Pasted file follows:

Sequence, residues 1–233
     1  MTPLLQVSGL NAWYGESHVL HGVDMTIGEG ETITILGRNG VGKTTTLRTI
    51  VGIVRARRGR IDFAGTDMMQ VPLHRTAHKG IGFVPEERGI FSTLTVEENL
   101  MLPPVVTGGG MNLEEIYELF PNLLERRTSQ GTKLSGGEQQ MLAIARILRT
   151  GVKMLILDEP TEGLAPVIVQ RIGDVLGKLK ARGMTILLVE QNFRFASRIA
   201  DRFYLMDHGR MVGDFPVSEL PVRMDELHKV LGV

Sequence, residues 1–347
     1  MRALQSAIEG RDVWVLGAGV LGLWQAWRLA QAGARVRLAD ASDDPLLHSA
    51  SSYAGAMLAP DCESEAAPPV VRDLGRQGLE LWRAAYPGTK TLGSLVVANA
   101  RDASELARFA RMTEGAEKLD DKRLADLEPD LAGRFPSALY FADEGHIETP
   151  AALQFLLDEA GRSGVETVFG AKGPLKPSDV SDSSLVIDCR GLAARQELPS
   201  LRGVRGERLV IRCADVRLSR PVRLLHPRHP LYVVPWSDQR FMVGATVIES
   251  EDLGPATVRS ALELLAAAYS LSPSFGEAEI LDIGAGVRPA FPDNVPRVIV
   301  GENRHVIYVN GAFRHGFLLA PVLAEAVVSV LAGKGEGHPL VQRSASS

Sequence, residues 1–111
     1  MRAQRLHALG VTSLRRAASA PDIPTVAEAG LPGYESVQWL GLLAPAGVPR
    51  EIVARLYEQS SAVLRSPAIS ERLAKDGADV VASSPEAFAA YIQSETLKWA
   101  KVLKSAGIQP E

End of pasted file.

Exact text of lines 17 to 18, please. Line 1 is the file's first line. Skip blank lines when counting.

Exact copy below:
    51  EIVARLYEQS SAVLRSPAIS ERLAKDGADV VASSPEAFAA YIQSETLKWA
   101  KVLKSAGIQP E